New Jersey’s biggest fiscal problem is the growing cost of state employee pensions, health benefits and the annual payments on New Jersey’s debt, NJ Treasurer Andrew Sidamon-Eristoff told NJBIA members on April 4.
Speaking at NJBIA’s latest Meet the Decision Makers event, the Treasurer said increases in those three budget items are consuming nine out of every ten dollars of new revenue in this year’s budget, eliminating the possibility for additional tax cuts.
New Jersey’s economy has continued to grow. Sidamon-Eristoff said tax revenues were up 18.4 percent over the last three years, an average of more than 6 percent per year. At the same time, pensions, benefits and debt service payments ate up 60 percent of that revenue growth. This is in spite of the historic pension and benefit reforms Governor Chris Christie and the Legislature have already enacted.
“We’re growing sufficiently to meet these increased costs, but we’re not able to accommodate other priorities of state government to the extent that we would like,” Sidamon-Eristoff said. “We’re not doing huge things in this budget because we can’t. We can’t innovate the way we would like to.”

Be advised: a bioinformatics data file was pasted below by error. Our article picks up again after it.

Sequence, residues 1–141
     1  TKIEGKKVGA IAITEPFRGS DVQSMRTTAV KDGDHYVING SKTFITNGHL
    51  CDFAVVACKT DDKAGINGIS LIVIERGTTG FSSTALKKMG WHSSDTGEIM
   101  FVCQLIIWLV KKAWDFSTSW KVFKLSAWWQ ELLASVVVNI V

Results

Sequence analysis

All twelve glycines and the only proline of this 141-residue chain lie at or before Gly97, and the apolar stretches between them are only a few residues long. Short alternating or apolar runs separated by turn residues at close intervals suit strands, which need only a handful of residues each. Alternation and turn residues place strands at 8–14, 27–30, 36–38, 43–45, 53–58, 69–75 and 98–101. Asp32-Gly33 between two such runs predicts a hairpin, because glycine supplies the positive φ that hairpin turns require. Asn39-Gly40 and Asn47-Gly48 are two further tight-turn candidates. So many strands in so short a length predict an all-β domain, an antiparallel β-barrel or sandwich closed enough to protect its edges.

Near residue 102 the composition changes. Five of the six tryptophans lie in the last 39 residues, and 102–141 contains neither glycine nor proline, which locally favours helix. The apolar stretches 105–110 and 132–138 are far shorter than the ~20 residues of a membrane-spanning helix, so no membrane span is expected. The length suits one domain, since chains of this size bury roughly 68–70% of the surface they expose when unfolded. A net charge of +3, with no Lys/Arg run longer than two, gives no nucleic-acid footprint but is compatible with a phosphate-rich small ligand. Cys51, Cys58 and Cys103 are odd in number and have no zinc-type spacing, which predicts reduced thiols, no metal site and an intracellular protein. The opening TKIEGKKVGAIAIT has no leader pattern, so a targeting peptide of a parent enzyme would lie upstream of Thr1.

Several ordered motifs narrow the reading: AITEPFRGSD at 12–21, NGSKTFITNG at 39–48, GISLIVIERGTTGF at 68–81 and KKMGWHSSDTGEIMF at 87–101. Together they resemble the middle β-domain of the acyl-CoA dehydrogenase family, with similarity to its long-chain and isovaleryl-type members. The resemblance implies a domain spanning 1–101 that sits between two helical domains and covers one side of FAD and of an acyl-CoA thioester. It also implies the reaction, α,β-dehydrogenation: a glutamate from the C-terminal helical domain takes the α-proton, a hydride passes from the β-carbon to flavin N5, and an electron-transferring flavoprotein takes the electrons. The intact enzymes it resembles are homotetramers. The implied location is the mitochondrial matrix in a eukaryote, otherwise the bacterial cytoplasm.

Sidamon-Eristoff said one of those priorities should continue to be tax reform, particularly in gross income taxes for small businesses and the New Jersey estate tax. He pointed out that New York recently increased its estate tax threshold to $5 million, while New Jersey’s remains at only $675,000. “That’s something that we would love to be able to do,” he said.
And while the tax reforms implemented in 2011 have brought New Jersey’s income tax system closer to the federal government’s, New Jersey is still one of only two states that does not conform to the federal adjusted gross income. Businesses that pay income tax instead of corporate taxes (LLCs, S corporations, partnerships and sole proprietorships) are not allowed to utilize the same deductions and exemptions that they can under federal rules. “I think it is really important to our long-term competitive position,” he said.